IDEAS home Printed from https://ideas.repec.org/p/rff/dpaper/dp-04-37.html
   My bibliography  Save this paper

Output-Based Allocations of Emissions Permits: Efficiency and Distributional Effects in a General Equilibrium Setting with Taxes and Trade

Author

Listed:
  • Fischer, Carolyn

    () (Resources for the Future)

  • Fox, Alan

Abstract

Abstract The choice of mechanism for allocating tradable emissions permits has important efficiency and distributional effects when tax and trade distortions are considered. We present different rules for allocating carbon allowances within sectors (lump-sum grandfathering, output-based allocation [OBA], and auctioning) and among sectors (historical emissions and value-added shares). Using a partial equilibrium model, we explore how OBA mitigates price increases, limits incentives for conservation in favor of lowering energy intensity, and changes relative output prices among sectors. We then use a computable general equilibrium model from the Global Trade Analysis Project, modified to incorporate a labor/leisure choice, to compare overall mechanism performance. The output subsidies implicit in OBA mitigate tax interactions, which can lead to higher welfare than grandfathering. OBA with sectoral distributions based on value added generates effective subsidies similar to a broad-based tax reduction, performing nearly like auctioning with revenue recycling, which generates the highest welfare. OBA based on historical emissions supports the output of more polluting industries, which more effectively counteracts carbon leakage but is more costly in welfare terms. Industry production and trade impacts among sectors that are less energy intensive are also quite sensitive to allocation rules.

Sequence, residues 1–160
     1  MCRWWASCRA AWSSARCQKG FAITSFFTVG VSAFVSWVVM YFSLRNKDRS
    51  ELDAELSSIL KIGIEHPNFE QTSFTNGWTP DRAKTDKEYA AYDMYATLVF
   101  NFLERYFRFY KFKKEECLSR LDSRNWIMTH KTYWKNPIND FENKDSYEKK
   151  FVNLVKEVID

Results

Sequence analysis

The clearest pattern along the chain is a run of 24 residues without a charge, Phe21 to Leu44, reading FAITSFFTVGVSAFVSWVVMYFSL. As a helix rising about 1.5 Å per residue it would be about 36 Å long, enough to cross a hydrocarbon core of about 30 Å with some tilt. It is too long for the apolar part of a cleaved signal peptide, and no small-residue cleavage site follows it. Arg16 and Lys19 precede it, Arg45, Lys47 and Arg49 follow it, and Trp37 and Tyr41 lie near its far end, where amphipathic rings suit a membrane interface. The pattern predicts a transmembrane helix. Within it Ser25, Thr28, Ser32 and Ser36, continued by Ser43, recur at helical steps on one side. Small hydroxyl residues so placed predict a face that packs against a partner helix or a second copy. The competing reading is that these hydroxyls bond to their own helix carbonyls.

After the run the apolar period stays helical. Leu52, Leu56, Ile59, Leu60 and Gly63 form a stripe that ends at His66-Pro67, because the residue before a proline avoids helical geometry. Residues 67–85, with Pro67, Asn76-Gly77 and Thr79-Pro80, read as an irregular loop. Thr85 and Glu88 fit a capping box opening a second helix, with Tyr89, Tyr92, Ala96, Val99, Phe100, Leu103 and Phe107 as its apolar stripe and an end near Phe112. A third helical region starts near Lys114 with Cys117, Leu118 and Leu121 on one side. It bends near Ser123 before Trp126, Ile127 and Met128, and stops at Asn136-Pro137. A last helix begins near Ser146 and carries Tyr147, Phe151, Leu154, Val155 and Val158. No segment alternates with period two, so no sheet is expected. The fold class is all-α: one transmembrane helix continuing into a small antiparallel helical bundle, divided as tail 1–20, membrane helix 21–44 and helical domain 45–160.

Suggested Citation

  • Fischer, Carolyn & Fox, Alan, 2004. "Output-Based Allocations of Emissions Permits: Efficiency and Distributional Effects in a General Equilibrium Setting with Taxes and Trade," Discussion Papers dp-04-37, Resources For the Future.
  • Handle: RePEc:rff:dpaper:dp-04-37
    as

    Download full text from publisher

    File URL: http://www.rff.org/RFF/documents/RFF-DP-04-37.pdf
    Download Restriction: no

    References listed on IDEAS

    as
    1. Dissou, Yazid, 2005. "Cost-effectiveness of the performance standard system to reduce CO2 emissions in Canada: a general equilibrium analysis," Resource and Energy Economics, Elsevier, vol. 27(3), pages 187-207, October.
    2. Bovenberg, A. L. & van der Ploeg, F., 1994. "Environmental policy, public finance and the labour market in a second-best world," Journal of Public Economics, Elsevier, vol. 55(3), pages 349-390, November.
    3. Bovenberg, A Lans & Goulder, Lawrence H, 1996. "Optimal Environmental Taxation in the Presence of Other Taxes: General-Equilibrium Analyses," American Economic Review, American Economic Association, vol. 86(4), pages 985-1000, September.
    4. de Bovenberg, A Lans & Mooij, Ruud A, 1994. "Environmental Levies and Distortionary Taxation," American Economic Review, American Economic Association, vol. 84(4), pages 1085-1089, September.
    5. Carolyn Fischer & Richard D. Morgenstern, 2006. "Carbon Abatement Costs: Why the Wide Range of Estimates?," The Energy Journal, International Association for Energy Economics, vol. 0(Number 2), pages 73-86.
    6. Goulder, Lawrence H. & Parry, Ian W. H. & Williams III, Roberton C. & Burtraw, Dallas, 1999. "The cost-effectiveness of alternative instruments for environmental protection in a second-best setting," Journal of Public Economics, Elsevier, vol. 72(3), pages 329-360, June.
    7. Fischer, Carolyn & Hoffmann, Sandra & Yoshino , Yutaka, 2002. "Multilateral Trade Agreements and Market-Based Environmental Policies," Discussion Papers dp-02-28, Resources For the Future.
    8. Bovenberg, A.L. & Goulder, L.H., 1996. "Optimal environmental taxation in the presence of other taxes : General equilibrium analyses," Other publications TiSEM 5d4b7517-c5c8-4ef6-ab76-3, Tilburg University, School of Economics and Management.